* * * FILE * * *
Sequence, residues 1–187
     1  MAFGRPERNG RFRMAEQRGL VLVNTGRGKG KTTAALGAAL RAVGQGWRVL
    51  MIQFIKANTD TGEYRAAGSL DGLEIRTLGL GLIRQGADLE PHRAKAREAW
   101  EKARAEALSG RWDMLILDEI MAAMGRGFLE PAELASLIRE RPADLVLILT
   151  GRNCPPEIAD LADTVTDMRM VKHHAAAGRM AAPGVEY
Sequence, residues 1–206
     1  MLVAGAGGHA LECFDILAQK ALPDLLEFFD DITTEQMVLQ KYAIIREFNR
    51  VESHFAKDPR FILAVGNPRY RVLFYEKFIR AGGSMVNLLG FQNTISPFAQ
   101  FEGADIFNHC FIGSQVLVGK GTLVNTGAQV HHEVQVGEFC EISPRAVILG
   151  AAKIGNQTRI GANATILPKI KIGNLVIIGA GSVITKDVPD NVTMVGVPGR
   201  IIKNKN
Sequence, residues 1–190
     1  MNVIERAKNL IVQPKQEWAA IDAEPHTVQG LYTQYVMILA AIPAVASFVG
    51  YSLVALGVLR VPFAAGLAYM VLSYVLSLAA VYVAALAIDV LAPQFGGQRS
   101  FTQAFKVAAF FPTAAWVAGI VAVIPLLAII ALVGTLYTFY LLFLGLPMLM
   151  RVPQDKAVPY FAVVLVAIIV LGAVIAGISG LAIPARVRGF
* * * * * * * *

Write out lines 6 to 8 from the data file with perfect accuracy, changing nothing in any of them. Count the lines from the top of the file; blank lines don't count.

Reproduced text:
Sequence, residues 1–206
     1  MLVAGAGGHA LECFDILAQK ALPDLLEFFD DITTEQMVLQ KYAIIREFNR
    51  VESHFAKDPR FILAVGNPRY RVLFYEKFIR AGGSMVNLLG FQNTISPFAQ